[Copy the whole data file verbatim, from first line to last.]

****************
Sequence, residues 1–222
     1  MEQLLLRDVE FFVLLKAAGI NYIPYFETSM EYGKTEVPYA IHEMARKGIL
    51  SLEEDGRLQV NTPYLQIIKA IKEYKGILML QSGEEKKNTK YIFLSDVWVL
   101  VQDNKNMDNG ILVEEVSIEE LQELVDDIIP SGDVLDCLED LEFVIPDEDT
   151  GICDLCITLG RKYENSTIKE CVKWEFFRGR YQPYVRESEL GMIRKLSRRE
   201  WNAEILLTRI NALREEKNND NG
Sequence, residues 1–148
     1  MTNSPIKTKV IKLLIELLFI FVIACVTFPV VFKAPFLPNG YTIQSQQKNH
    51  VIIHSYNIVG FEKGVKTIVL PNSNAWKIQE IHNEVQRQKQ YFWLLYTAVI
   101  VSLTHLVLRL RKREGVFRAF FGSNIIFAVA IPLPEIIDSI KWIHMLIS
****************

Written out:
Sequence, residues 1–222
     1  MEQLLLRDVE FFVLLKAAGI NYIPYFETSM EYGKTEVPYA IHEMARKGIL
    51  SLEEDGRLQV NTPYLQIIKA IKEYKGILML QSGEEKKNTK YIFLSDVWVL
   101  VQDNKNMDNG ILVEEVSIEE LQELVDDIIP SGDVLDCLED LEFVIPDEDT
   151  GICDLCITLG RKYENSTIKE CVKWEFFRGR YQPYVRESEL GMIRKLSRRE
   201  WNAEILLTRI NALREEKNND NG
Sequence, residues 1–148
     1  MTNSPIKTKV IKLLIELLFI FVIACVTFPV VFKAPFLPNG YTIQSQQKNH
    51  VIIHSYNIVG FEKGVKTIVL PNSNAWKIQE IHNEVQRQKQ YFWLLYTAVI
   101  VSLTHLVLRL RKREGVFRAF FGSNIIFAVA IPLPEIIDSI KWIHMLIS